ADDRESS', v.t. [This is supposed to be from L. dirigo.]

1. To prepare; to make suitable dispositions for.

Turnus addressed his men to single fight.

2. To direct words or discourse; to apply to by words; as, to address a discourse to an assembly; to address the judges.

3. To direct in writing; as a letter; or to direct and transmit; as he addressed a letter to the speaker. Sometimes it is used with the reciprocal pronoun, as, he addressed himself to the speaker, instead of, he addressed his discourse. The phrase is faulty; but less so than the following. To such I would address with this most affectionate petition.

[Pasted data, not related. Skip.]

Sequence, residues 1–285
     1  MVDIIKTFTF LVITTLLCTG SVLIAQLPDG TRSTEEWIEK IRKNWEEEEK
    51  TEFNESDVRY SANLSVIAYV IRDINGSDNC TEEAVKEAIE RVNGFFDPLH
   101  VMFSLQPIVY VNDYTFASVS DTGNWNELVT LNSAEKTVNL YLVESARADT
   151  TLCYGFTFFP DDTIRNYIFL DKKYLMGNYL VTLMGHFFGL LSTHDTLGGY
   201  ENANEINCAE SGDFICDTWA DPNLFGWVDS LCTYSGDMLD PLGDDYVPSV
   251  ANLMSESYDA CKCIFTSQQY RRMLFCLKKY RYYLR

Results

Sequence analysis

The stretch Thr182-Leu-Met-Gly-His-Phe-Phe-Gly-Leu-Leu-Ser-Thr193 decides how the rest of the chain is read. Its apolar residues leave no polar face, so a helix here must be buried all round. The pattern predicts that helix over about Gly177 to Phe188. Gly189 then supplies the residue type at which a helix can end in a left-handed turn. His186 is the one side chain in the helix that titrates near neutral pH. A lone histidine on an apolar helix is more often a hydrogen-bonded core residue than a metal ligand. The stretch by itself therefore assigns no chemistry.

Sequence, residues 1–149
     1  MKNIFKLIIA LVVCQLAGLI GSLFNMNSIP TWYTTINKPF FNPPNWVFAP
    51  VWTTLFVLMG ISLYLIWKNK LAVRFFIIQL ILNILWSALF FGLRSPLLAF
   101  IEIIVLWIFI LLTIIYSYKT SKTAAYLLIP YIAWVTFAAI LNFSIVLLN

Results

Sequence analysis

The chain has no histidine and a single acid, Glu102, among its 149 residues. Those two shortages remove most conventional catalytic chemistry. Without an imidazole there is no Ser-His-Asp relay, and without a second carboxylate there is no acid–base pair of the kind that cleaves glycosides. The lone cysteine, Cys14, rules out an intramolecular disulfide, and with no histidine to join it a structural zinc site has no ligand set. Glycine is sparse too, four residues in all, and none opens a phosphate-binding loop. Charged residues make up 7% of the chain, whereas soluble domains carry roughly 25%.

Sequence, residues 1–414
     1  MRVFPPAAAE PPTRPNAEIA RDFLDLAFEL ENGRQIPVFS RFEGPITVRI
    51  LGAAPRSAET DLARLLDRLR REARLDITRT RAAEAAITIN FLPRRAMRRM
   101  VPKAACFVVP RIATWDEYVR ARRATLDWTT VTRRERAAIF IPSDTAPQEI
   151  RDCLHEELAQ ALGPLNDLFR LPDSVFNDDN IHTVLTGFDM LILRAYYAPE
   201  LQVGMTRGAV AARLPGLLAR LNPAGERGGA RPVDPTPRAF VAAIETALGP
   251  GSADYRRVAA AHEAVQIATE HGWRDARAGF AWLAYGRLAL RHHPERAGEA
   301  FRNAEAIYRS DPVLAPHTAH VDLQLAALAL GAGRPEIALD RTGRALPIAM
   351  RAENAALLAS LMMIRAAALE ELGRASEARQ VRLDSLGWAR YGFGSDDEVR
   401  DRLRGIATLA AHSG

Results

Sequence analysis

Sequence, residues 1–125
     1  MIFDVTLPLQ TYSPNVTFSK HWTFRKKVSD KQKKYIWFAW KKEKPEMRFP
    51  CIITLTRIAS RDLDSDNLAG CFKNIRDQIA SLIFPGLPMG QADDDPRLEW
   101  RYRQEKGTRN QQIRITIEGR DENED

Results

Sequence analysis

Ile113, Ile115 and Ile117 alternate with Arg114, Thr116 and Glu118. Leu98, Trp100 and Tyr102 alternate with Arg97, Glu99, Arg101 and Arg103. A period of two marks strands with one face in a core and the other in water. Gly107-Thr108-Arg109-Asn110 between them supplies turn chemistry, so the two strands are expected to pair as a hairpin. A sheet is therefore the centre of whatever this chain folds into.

Young Turnus to the beauteous maid aldrest.

The latter is admissible in poetry, as an elliptical phrase.

4. To present an address, as a letter of thanks or congratulation, a petition, or a testimony of respect; as, the legislature addressed the president.

5. To court or make suit as a lover.

6. In commerce, to consign or entrust to the care of another, as agent or factor; as, the ship was addressed to a merchant in Baltimore.